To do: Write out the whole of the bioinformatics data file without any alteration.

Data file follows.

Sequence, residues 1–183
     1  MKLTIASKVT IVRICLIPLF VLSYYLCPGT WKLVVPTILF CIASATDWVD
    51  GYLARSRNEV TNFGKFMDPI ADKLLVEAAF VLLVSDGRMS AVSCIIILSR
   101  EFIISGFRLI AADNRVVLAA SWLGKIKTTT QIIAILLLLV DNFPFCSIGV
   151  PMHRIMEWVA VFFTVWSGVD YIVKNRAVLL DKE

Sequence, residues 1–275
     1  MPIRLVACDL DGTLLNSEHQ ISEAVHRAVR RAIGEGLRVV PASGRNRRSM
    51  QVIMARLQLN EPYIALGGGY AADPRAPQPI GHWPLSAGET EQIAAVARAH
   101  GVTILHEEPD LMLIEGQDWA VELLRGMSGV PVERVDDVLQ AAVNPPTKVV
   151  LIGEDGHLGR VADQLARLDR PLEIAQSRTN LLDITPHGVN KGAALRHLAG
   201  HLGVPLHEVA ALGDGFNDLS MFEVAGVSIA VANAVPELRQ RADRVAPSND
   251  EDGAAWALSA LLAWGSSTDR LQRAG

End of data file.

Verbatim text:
Sequence, residues 1–183
     1  MKLTIASKVT IVRICLIPLF VLSYYLCPGT WKLVVPTILF CIASATDWVD
    51  GYLARSRNEV TNFGKFMDPI ADKLLVEAAF VLLVSDGRMS AVSCIIILSR
   101  EFIISGFRLI AADNRVVLAA SWLGKIKTTT QIIAILLLLV DNFPFCSIGV
   151  PMHRIMEWVA VFFTVWSGVD YIVKNRAVLL DKE

Sequence, residues 1–275
     1  MPIRLVACDL DGTLLNSEHQ ISEAVHRAVR RAIGEGLRVV PASGRNRRSM
    51  QVIMARLQLN EPYIALGGGY AADPRAPQPI GHWPLSAGET EQIAAVARAH
   101  GVTILHEEPD LMLIEGQDWA VELLRGMSGV PVERVDDVLQ AAVNPPTKVV
   151  LIGEDGHLGR VADQLARLDR PLEIAQSRTN LLDITPHGVN KGAALRHLAG
   201  HLGVPLHEVA ALGDGFNDLS MFEVAGVSIA VANAVPELRQ RADRVAPSND
   251  EDGAAWALSA LLAWGSSTDR LQRAG